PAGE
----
Mental health should be a priority long before police wellness checks are required: CMHA - InfoNews

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Mental health should be a priority long before police wellness checks are required: CMHA

Shelagh Turner, executive director of the Canadian Mental Health Association, Central Region.
July 08, 2020 - 6:30 AM

The roots of the recent ugly video of a wellness check gone wrong in Kelowna is the result of years of underfunding mental health programs, according to the head of the Canadian Mental Health Association's Central Region.

“If there’s one in five people with a serious mental health issue, that’s 20 per cent of the population,” association Executive Director Shelagh Turner told “The investment in mental health is less than eight per cent of the total health care budget and the vast majority of that eight per cent is in acute care, which is the most expensive side of service.”

Therefore, she’s not keen on the idea of adding expensive registered nurses and RCMP officers to Kelowna’s Police and Crisis Team that now responds to about four calls per shift on the four days it operates — a fraction of all mental health calls.

That team was not called out when Mona Wang was handcuffed and dragged down a hallway by an RCMP officer doing a wellness check in January. A video of that incident prompted the City of Kelowna and Interior Health to schedule a meeting tomorrow to discuss how best to deal with such calls.

READ MORE: iN VIDEO: RCMP investigating Kelowna officer caught on video dragging nursing student

“Police don’t see themselves as health care,” Turner said. “They’re first responders, but they’re not health care responders, so there’s a little bit of a tension between how they see themselves and what they’re actually having to do.”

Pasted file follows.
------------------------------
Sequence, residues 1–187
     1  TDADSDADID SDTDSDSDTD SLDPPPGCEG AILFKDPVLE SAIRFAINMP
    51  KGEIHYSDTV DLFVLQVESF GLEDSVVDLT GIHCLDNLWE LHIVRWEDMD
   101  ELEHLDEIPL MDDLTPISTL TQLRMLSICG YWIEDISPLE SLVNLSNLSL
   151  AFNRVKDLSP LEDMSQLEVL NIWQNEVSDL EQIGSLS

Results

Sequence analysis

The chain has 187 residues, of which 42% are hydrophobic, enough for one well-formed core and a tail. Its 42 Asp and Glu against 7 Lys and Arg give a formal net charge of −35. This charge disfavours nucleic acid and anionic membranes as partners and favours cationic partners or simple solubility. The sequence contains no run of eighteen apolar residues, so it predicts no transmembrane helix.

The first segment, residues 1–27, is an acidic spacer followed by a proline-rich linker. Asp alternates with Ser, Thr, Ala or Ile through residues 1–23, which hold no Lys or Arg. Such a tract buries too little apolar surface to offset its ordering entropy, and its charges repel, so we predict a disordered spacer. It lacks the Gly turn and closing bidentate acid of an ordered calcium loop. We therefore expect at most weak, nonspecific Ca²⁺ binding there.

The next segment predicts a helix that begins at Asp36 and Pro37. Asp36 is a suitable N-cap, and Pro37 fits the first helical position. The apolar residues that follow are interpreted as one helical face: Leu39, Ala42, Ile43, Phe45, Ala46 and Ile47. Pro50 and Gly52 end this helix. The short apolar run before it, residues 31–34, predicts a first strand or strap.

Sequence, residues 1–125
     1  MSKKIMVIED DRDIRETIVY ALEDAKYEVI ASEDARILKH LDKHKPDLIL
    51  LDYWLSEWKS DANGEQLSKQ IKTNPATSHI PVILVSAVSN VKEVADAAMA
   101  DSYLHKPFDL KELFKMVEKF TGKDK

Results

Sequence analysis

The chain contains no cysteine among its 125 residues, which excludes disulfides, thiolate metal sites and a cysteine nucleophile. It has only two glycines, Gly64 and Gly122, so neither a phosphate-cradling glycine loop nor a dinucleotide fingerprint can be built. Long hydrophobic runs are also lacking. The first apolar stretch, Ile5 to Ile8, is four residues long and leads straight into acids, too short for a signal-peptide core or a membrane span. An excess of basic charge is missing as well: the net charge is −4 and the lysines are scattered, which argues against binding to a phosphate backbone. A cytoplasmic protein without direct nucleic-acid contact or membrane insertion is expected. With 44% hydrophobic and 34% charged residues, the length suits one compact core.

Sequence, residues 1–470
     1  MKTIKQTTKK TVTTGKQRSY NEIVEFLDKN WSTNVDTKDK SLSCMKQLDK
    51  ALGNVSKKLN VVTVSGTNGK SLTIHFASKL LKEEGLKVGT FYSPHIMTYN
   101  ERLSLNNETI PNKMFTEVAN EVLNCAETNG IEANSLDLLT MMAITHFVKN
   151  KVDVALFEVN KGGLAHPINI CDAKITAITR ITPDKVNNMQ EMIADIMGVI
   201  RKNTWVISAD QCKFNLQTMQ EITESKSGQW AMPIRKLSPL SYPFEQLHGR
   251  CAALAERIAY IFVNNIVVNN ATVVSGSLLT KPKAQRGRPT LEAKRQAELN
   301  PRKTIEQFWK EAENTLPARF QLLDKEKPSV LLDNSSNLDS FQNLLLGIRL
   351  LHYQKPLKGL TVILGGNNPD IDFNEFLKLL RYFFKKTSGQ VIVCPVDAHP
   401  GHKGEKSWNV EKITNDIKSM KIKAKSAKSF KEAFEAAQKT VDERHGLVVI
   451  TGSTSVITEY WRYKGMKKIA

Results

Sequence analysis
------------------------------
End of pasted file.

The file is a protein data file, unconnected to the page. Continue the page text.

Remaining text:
The RCMP will not be at that meeting but RCMP Southeast Division Chief Supt. Brad Haugli held a press conference last week saying he wants to work with Interior Health on developing different ways to deal with mental health calls.

READ MORE: Interior RCMP brass call for more mental health workers to help police in light of video

While she has the "utmost respect" for the job police officers have to do, she did suggest they take a good look at how they work with other organizations as part of a "system of care.”

Turner is not invited to tomorrow’s meeting but hopes it’s only the start of a discussion that will involve others, including her association and people with lived experience of mental illness.

“Where police are sitting now in terms of having to be the front line of wellness checks is the result of long standing under-investment in the mental health system,” Turner said. “We definitely have been advocating for years for more investment in early intervention and prevention types of initiatives so mental health crises don’t happen in the first place.”

There needs to be a shift from acute care treatment to dealing with the underlying causes of mental illness, she said.

“Mental illness is more than health care. There are so many reasons why somebody’s mental health might be impacted, like a pandemic, like isolation, like not having a roof over your head or good food in your belly or losing your job.”

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